Nyarlathotep . . . the crawling chaos . . . I am the last . . . I will tell the audient void. . .
Of all the pantheonic creatures of mythos created by Lovecraft, Nyarlathotep is perhaps second only to old tentacle face himself in its impact upon popular culture. I say ‘it’ because Nyarlathotep is an ‘it’, not a ‘he’. Yet it is also the only old god that appears in human form, though that is but one of its forms, and indeed in other tales, Lovecraft went on to write, Nyarlathotep is referred to or appears in a myriad of ways. From the ‘tall, swarthy man’ who resembles an ancient Pharaoh of Egypt several times. But also appears as, ‘the black man‘ in ‘The Dreams of the Witch House‘, ‘A bat-winged tentacled monster’ in ‘The Haunter of the Dark’ and is mentioned in passing in other tales. My favourite description of him is from ‘The Rats in the Walls‘ where he is mentioned almost in passing as the ‘faceless god in the caverns of Earth’s centre‘. Which in part is what makes him so attractive as an antagonist in both Lovecraft own work and beyond. Nyarlathotep walks among us, where as the rest of the Outer gods are both utterly alien, exiled to the stars or sleeping fitfully beneath the waves in the case of Cthulhu.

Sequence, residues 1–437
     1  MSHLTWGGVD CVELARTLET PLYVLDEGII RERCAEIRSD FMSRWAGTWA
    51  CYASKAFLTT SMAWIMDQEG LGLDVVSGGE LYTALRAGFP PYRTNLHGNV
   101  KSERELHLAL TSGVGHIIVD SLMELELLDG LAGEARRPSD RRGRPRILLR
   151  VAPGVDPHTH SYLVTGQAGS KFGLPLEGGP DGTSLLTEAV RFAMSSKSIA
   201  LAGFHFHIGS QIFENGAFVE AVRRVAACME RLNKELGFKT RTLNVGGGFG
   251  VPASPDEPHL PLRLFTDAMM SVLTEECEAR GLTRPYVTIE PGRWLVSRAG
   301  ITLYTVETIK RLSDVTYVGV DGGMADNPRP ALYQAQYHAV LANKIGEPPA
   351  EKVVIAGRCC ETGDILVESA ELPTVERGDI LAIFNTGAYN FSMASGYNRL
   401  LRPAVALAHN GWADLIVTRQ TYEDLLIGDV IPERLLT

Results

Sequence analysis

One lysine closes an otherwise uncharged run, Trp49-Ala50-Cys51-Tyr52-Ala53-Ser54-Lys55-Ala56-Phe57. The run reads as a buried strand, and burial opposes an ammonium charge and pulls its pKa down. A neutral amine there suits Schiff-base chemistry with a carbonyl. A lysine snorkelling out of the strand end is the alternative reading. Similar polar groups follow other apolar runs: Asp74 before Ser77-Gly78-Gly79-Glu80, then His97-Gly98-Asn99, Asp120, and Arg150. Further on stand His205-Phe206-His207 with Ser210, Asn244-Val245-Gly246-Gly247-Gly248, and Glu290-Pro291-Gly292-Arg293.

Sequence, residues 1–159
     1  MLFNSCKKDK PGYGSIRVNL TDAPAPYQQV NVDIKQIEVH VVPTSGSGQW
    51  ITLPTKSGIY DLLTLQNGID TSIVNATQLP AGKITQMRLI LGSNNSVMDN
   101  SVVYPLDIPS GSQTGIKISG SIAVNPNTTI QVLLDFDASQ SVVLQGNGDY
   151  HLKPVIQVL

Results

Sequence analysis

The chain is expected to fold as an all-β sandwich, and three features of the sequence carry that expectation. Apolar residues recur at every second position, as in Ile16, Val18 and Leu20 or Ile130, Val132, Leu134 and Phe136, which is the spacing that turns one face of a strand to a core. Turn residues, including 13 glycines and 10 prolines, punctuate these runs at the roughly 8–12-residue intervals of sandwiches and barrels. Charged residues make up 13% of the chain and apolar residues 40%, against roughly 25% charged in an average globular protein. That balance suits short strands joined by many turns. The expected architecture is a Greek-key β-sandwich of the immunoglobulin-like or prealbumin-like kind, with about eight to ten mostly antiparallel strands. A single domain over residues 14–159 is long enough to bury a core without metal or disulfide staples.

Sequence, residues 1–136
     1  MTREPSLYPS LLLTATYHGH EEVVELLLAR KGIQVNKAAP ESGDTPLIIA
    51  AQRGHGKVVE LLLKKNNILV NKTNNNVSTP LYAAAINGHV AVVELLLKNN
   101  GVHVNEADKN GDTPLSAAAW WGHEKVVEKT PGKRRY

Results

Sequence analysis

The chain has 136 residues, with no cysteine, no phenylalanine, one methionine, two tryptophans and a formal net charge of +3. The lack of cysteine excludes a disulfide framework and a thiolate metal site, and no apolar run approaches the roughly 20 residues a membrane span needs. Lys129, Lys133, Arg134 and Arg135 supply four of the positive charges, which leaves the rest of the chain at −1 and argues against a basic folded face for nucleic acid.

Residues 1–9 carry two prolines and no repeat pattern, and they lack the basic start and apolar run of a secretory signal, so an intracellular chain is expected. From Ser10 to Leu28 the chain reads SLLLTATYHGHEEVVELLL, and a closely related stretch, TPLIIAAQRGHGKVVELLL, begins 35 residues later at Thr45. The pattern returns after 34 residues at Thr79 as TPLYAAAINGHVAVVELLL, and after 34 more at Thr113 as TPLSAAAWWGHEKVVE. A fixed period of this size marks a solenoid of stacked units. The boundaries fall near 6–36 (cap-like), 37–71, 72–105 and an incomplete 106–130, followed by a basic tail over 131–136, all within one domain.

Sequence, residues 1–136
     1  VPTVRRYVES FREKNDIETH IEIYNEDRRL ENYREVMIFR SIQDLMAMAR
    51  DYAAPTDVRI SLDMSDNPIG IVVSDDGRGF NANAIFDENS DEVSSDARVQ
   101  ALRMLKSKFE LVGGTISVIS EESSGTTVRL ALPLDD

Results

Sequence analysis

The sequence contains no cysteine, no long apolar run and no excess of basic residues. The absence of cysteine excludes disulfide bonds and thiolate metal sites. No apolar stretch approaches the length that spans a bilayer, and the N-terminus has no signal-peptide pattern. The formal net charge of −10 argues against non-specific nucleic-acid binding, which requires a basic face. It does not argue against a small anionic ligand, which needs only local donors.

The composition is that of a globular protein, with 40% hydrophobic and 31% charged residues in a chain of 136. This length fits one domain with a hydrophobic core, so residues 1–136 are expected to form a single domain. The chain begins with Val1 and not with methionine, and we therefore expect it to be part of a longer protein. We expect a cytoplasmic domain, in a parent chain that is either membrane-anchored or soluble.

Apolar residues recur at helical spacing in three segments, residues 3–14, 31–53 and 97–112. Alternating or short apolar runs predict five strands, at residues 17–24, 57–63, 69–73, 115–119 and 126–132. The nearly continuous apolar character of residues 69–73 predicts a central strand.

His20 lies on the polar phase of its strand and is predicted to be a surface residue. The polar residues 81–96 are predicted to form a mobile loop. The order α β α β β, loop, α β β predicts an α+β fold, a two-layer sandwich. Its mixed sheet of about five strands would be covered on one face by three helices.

Nyarlathotep walks among us, sowing seeds of disorder, a crawling chaos indeed. A creature of a thousand faces and none. Servent of Azathoth, the messenger of the outer gods, a bringer of madness for madness sake. An Outer, who can appear human and interact on a human level in ways that Yog Saraoth, Hastur, Cthulhu and all the rest can never do. Little wonder he has so much appeal to other writers, not to mention computer game designers, role playing gamers, musicans, film makers and much more besides. The impact of Nyarlathotep on popular culture is extensive by any measure. Which is a little strange for a creation that began back in 1920, as the centre of a short piece of prose published in ‘The United Amateur’ in November that year. Though Lovecraft himself went back to Nyarlathotep more than once over the years to come.